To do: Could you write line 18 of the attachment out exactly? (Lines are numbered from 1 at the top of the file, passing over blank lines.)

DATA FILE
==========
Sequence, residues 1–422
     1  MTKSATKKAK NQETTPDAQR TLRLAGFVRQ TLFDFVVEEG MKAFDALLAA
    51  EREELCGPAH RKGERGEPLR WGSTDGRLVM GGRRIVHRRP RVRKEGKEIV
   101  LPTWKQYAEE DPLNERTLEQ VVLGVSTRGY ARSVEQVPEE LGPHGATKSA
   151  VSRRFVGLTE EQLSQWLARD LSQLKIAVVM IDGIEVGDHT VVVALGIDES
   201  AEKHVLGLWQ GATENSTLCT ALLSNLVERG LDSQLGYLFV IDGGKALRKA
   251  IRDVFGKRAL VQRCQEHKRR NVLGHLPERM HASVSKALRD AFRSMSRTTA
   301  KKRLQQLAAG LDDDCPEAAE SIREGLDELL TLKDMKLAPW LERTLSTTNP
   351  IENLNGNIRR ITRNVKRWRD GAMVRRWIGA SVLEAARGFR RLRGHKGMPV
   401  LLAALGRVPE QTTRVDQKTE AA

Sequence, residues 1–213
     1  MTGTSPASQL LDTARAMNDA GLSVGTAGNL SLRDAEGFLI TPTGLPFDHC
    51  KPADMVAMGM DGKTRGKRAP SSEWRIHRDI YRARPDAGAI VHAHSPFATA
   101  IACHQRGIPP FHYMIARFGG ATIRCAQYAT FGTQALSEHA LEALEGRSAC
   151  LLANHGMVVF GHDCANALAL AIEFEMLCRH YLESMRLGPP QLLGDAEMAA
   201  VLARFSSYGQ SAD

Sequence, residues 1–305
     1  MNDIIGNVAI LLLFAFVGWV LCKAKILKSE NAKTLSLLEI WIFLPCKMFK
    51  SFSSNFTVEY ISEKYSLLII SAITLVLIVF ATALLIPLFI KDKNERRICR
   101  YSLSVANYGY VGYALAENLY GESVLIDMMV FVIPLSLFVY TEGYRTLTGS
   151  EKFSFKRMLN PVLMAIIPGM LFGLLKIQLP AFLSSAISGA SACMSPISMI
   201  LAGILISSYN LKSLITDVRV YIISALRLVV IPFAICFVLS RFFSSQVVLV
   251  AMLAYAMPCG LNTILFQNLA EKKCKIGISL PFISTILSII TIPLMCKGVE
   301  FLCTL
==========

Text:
     1  MNDIIGNVAI LLLFAFVGWV LCKAKILKSE NAKTLSLLEI WIFLPCKMFK